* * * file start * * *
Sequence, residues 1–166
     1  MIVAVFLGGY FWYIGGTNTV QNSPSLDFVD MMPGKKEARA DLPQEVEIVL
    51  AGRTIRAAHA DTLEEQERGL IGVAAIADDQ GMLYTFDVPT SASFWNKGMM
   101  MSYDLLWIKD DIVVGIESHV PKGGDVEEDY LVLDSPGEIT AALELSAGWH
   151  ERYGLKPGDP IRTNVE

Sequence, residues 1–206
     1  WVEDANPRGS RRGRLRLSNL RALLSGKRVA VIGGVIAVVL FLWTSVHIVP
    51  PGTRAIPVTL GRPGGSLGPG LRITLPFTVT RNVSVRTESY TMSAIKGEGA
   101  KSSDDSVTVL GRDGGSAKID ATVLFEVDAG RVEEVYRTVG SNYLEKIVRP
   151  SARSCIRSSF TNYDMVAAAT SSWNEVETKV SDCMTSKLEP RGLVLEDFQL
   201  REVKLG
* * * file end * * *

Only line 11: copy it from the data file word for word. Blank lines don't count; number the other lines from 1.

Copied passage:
   201  REVKLG